December 12, 2016 | SuzyQ
Sixteenth-century Europe saw an explosion of female rule. Large swathes of the continent were under the firm hand of a dozen reigning women as queens, regents, mothers, wives, or counselors. From Isabella of Castile, her daughter Katherine of Aragon, and her granddaughter Mary Tudor, to Catherine de Medici, Anne Boleyn, and Elizabeth Tudor; from England and France to the Netherlands, and across the Holy Roman Empire, these women wielded enormous power over their territories, shaping the course of European history for over a century.
The remarkable untold story of how the American Revolution's success depended on substantial military and financial assistance provided by France and Spain, and places the Revolution in the context of the global strategic interests of those nations in their fight against Great Britain.
November 29, 2016 | madame librarian
Check out what's available at Canton Public Library. This Wednesday, December 7 at 7:00PM in the Community Room, Yankee Air Museum's Randy Hotton shares his extensive research on the Willow Run Bomber Plant and How Detroit Saved the World. Need help with your e-reader? Drop-in assistance is available at the Information desk every Friday from 10:00 -11:00AM. Looking for a book group? We offer four book groups which meet monthly at the library: Lunch and a Book, Canton Seniors Book Group (for 55+), the Non-Fiction Book Group, and the Adult Contemporary Book Group.
November 22, 2016 | SuzyQ
November 8, 1923. Hitler's "Beer Hall Putsch" took place in Munich took place, wherein Hitler, Goering and armed Nazis attempted, but ultimately failed, to forcibly seize power and overthrow democracy in Germany.
November 9 -10, 1938. Kristallnacht ("the night of broken glass") took place in Germany as Nazi mobs burned synagogues and vandalized Jewish shops and homes.
November 9, 1989. The Berlin Wall was opened after standing for 28 years during which it completely cut off West Berlin from Eastern Germany. The almost 28 mile long wall had been built in 1961.
November 14, 1889. Newspaper reporter Nellie Bly set out from New York to beat the record of Jules Verne's fictional hero Phileas Fogg, who famously traveled around the world in 80 days. And, another young woman reporter, Elizabeth Bisland, set off at the same time to see who could accomplish the feat first.
November 22, 2016 | SuzyQ
A unique collection of eulogies of the twentieth century's greatest figures, written by conservative icon William F. Buckley Jr.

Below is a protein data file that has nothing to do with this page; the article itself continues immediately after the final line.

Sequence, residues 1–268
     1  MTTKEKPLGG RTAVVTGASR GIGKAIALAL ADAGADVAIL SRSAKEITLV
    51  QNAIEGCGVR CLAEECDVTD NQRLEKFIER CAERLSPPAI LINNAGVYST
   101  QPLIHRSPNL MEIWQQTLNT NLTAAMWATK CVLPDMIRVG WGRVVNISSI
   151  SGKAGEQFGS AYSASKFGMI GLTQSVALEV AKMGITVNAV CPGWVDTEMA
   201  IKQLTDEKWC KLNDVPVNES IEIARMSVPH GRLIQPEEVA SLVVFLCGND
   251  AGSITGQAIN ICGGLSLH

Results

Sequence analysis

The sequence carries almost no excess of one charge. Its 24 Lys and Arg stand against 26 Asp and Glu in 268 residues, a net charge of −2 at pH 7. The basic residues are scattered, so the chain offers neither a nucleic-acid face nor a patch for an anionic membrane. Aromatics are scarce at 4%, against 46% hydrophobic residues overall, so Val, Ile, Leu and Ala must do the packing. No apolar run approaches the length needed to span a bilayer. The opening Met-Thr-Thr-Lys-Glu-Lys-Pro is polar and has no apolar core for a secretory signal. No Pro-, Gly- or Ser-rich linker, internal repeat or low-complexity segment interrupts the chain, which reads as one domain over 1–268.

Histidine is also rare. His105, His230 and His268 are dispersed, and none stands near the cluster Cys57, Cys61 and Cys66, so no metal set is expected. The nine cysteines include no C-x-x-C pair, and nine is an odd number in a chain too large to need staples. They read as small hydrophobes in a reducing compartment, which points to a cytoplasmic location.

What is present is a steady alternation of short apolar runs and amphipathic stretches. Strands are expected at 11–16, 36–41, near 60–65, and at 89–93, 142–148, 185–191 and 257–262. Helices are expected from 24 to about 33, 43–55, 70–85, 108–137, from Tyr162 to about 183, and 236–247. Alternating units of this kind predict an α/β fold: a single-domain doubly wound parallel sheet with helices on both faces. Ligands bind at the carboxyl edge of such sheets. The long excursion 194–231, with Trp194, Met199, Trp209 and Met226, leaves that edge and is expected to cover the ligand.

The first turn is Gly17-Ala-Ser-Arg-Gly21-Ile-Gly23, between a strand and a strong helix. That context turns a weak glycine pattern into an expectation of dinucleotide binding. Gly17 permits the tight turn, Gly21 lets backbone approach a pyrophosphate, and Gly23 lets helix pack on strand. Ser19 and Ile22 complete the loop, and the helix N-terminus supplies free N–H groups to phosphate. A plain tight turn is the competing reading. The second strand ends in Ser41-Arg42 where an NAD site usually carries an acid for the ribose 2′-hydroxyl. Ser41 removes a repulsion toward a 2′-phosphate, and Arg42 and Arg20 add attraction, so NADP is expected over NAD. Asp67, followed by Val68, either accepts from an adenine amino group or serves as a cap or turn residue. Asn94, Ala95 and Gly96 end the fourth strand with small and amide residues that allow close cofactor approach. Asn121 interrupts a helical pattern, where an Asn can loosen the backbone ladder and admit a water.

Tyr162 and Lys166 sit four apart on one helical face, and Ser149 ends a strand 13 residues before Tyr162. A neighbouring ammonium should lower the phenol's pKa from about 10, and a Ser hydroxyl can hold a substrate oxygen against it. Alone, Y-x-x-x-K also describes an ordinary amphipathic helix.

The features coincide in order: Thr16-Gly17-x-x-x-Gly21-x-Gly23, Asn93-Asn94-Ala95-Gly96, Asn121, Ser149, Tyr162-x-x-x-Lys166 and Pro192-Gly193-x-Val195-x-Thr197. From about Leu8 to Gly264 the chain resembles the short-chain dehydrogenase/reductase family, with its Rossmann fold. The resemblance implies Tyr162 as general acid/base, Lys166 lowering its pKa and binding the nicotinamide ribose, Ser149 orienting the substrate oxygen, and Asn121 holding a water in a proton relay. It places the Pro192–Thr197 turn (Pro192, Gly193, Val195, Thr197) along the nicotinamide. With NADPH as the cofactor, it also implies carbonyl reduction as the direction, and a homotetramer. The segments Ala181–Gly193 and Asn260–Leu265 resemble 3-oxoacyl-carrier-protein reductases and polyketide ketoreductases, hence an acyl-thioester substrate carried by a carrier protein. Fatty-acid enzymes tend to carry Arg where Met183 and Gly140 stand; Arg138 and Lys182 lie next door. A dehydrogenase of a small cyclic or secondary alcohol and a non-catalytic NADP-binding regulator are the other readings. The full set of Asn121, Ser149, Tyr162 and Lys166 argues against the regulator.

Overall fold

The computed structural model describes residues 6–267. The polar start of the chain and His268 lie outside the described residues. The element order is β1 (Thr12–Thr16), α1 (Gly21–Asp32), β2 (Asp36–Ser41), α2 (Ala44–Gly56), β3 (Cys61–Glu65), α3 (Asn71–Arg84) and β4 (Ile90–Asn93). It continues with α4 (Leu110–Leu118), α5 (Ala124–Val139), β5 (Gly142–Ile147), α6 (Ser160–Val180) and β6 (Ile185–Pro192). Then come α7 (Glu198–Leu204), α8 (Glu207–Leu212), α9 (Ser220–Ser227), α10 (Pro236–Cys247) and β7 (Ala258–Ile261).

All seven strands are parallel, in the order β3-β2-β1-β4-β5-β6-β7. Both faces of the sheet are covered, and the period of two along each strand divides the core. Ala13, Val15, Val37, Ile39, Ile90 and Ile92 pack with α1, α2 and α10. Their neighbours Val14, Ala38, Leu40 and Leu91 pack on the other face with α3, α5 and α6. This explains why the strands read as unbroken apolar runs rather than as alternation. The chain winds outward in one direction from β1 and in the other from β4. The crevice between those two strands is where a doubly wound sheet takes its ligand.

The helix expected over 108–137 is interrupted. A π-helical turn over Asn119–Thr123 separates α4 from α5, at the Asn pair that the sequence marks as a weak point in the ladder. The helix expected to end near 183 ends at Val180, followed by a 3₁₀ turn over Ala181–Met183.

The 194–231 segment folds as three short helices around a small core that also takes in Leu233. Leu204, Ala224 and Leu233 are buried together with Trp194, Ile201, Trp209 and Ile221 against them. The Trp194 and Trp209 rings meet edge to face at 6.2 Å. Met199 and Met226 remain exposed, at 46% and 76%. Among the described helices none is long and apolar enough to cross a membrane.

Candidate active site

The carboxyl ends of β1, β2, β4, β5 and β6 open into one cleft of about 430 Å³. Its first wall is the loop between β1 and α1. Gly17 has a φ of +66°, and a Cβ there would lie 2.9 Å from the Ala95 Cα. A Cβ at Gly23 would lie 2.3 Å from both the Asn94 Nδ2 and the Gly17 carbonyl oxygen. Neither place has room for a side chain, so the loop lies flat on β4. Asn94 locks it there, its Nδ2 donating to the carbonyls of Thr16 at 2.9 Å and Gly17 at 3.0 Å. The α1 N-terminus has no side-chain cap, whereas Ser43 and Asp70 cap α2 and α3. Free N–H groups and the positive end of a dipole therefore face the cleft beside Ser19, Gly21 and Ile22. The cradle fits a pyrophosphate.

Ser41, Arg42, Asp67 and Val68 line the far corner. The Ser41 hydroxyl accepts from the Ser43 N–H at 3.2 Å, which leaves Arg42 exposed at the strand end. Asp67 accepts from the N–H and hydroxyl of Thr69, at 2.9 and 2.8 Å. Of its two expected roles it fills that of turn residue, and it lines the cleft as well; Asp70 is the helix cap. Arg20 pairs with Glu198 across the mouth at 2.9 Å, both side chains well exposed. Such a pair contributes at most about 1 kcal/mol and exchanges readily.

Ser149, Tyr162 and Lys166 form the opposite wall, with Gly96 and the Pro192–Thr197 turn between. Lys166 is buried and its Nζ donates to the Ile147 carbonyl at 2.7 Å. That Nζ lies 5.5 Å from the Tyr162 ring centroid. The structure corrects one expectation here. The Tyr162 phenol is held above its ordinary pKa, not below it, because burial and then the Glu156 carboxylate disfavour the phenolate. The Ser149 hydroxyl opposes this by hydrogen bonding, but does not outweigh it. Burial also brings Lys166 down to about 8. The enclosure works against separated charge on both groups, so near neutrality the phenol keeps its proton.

November 11, 2016 | SuzyQ
The 1901 Pan American Exposition in Buffalo, meant to herald the twentieth century, went tragically, spectacularly, awry. In 1901, Buffalo, New York, the eighth biggest city in America, wanted to launch the new century with the Pan American Exposition. It would showcase the Western hemisphere and bring millions of people to western New York. With Niagara Falls as a drawing card and with stunning colors and electric lights, promoters believed it would be bigger, better, and--literally--more brilliant than Chicago's White City of 1893. Weaving together narratives of both notorious and forgotten figures, Margaret Creighton unveils the fair's big tragedy and its lesser-known scandals.
By turns a family drama and an action-adventure story, The Age of Daredevils chronicles the lives of the men and women who devoted themselves to the extraordinary sport of jumping over Niagara Falls in a barrel--a death-defying gamble that proved a powerful temptation to a hardy few.
Unlike World War I, when the horrors of battle were largely confined to the front, World War II reached into the lives of ordinary people in an unprecedented way. Entire countries were occupied, millions were mobilized for the war effort, and in the end, the vast majority of the war's dead were non-combatant men, women, and children. Inhabitants of German-occupied Europe experienced forced labor, deportation, mass executions, and genocide. As direct targets of and witnesses to violence, rather than far-off bystanders, civilians were forced to face the war head on. Drawing on a wealth of diaries, letters, fiction, and other first-person accounts, historian Peter Fritzsche redefines our understanding of the civilian experience of war across the vast territory occupied and threatened by Nazi Germany.